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Beers of the world

Calling a beer style “old beer” (literal translation of “Altbier”) may create some confusion. The words “old” and “beer” aren’t typically a good combination, however “old” does not refer to the age of the beer but rather the traditional brewing methods used for this style.

The final installment in this series continues with a look at modern methods for brewing gose. Two delectable modern interpretations of gose brewed in Saxony are described below as well.

I dislike the term “Ordinary” or “Standard” as it denotes a mediocrity that is undeserved by the best examples of the style, so I will refer to it simply as English Bitter in this article. Like with most beer styles, there is very little consensus about what makes an English Bitter but much more agreement about what it isn’t. As is usual, English Bitter is a fluid style (pun intended) and the definition will depend on whether we want to talk about what an English Bitter used to be or what it is now. English Bitter finds its home as a cask ale, there are many examples in other formats but cask is where it lives and breathes (more puns).

Farmhouse Ales is the term that has come to define modern interpretations of two distinct beer styles, Saison and Bière de Garde. The term “Farmhouse Ale” is not without controversy. Contemporary breweries located in both rural and urban environments produce and market credible “Farmhouse Ales”. The term may be disputable but it has become firmly entrenched in the modern brewer’s lexicon.

So, dear reader, you may already be asking yourself the following: Is it Scottish ale or Scotch ale? What’s the difference? Good question …

Kölsch (literally meaning “from Cologne”) is one of the few beer styles in the world that is legally defined. The Cologne brewers association outlines in the “Kölsch-Konvention” that Kölsch is a pale, highly attenuated, hop forward, bright ale that is brewed according to the German purity law within the city limits of Cologne. On top of that, Kölsch is recognized by the European Union as a regional specialty with a protected geographic origin. So, no European breweries outside of the Cologne area can market their beer as “Kölsch”.

The world has rarely seen artists, poets and thinkers (and in some cases drinkers) of the caliber of Goethe, Schiller, Bach and Luther, all of whom at one time lived and worked in and around the German state of Saxony. It must have something to do with the local water – or perhaps the beer. The enigmatic beer style known as gose (pronounced “goes-uh”) is associated with Leipzig, though it did not originate there, and has experienced a relatively sudden spate of popularity in the craft beer world, but imitations pale in comparison to the beguiling brew found in Saxony. Oddly, gose is more famous abroad than at home.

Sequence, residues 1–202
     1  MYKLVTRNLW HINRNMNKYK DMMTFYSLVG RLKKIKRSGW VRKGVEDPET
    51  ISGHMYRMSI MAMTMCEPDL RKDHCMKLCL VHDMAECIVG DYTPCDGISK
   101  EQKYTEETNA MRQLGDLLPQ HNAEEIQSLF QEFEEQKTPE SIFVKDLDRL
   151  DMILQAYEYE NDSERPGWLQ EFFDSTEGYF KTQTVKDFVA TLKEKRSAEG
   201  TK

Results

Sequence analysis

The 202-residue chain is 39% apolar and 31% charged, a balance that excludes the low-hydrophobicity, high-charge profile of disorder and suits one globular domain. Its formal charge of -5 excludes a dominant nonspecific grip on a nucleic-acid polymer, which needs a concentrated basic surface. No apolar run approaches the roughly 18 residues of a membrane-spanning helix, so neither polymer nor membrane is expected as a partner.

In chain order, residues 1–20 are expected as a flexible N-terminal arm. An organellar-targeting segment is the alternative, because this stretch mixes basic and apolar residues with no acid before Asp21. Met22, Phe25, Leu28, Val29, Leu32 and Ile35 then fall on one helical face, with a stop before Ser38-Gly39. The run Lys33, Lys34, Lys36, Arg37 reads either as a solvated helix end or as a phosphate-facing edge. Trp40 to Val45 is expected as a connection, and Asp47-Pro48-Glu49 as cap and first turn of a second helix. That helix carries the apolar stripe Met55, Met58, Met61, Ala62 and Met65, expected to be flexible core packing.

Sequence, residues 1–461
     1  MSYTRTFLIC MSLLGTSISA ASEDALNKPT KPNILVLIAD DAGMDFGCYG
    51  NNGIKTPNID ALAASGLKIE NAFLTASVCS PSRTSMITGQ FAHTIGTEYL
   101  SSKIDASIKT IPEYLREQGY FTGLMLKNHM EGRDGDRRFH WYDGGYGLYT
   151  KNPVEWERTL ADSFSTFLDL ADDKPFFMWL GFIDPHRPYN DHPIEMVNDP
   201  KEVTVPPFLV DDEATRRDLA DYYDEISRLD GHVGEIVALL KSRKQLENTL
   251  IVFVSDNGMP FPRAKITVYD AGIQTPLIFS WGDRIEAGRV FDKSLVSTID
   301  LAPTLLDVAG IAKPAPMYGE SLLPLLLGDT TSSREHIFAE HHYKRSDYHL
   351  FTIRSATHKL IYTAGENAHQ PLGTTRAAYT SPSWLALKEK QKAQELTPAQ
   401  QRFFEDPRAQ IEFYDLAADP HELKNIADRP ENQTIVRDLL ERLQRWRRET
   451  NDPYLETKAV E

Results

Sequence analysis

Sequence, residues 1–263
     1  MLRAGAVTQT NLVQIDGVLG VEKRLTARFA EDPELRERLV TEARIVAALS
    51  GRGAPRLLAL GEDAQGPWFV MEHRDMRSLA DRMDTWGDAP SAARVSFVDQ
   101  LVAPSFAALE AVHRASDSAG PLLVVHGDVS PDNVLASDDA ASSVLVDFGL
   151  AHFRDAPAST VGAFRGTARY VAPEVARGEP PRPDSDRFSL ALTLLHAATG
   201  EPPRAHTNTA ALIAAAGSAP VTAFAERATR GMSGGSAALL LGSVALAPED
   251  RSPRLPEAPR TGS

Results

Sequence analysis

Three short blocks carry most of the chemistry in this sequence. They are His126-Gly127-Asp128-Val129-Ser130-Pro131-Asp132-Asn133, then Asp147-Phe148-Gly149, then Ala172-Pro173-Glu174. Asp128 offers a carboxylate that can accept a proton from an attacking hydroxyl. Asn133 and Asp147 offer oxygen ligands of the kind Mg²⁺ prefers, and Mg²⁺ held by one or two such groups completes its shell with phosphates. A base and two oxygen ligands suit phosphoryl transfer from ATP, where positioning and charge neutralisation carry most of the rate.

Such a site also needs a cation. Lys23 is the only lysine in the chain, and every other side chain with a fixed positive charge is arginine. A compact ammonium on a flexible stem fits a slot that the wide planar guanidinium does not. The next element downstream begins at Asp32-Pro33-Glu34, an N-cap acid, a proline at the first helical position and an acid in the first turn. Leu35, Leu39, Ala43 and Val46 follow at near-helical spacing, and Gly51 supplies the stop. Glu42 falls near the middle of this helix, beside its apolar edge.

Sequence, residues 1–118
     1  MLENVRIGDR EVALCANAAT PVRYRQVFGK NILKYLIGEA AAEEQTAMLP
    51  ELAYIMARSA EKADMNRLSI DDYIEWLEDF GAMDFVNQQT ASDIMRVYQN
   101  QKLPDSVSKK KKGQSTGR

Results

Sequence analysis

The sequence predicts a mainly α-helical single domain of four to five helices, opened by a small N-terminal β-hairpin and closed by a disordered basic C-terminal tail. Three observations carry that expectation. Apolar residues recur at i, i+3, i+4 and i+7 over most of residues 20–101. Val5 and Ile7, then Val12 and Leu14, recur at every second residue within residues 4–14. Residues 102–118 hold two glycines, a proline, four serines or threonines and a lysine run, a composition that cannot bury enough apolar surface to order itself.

One of the quintessential group of beer styles hailing from Germany, Bock Beers are the higher gravity versions of the Bavarian Helles and Munich Dunkel styles. The name – which in German means (male) goat – is most likely derived from the city of Einbeck and not from the fact that one feels like being hit by a goat after consuming one too many bock beers.

One of the more obscure styles in existence, Piwo Grodziskie (the Polish name) or Grätzer (the name in German) disappeared from the brewing landscape in the early 1990s and only recently has received some attention from craft brewers that revived the style. It earns its obscurity not only through its the very limited availability, but also through the use of rare oak-smoked wheat malt that is the exclusive malt used to brew the beer. Despite this unusual ingredient, the beer is a great, refreshing beverage that deserves more attention.

Well-versed brewers know the main ingredients of beer – water, malt, hops. And a bit of yeast, that’s actually all that a beer needs. But is it really all? When having a look at Belgian beers, it’s difficult to avoid beers brewed with other ingredients, such as fruit. But why are they contained in beer? Let’s browse history a bit. Tradition has it that the ancient Egyptians added fruit to beer. One can only speculate about the reason. Some say simply for improving taste; others say that addition of fruit introduced more fermentable sugar, raised the alcohol content and made the beers “more intoxicating”. In the records of later centuries, recipes are found again and again describing addition of fruit to beer, but none of these beers established themselves. But wait – some will say –, what about e.g. Belgian Kriek? However, this Belgian speciality including sour cherries isn’t as old as many would like to think. Kriek was brewed, in significant quantities, and sold as of the 1930s. Beers such as Framboise Lambic made their appearance quite late, brewing of these beers started only in the 1950’s.

Gose is an enigmatic sour, salty wheat beer and has been brewed with a variety of herbs over much of its history. It originated in Goslar, Germany, at some point migrated to Leipzig and is now being brewed the world over; however, it has lost none of its mystery. This beer style was popular for a long time in the German states of Lower Saxony, Saxony-Anhalt, Brandenburg, Saxony and Thuringia; but unfortunately like so many old European beer styles, during the calamitous 20th century, it faded slowly away. It was officially pronounced dead in 1966. Against all odds, however, the beer experienced a revival behind the Iron Curtain in 1986, in large part thanks to the efforts of a single publican in Leipzig. Gose has been said to divide beer drinkers into two camps: those who appreciate its tart, salty, citrusy flavor mingled with coriander (and perhaps other spices) and those who simply do not. For those who appreciate it, read on...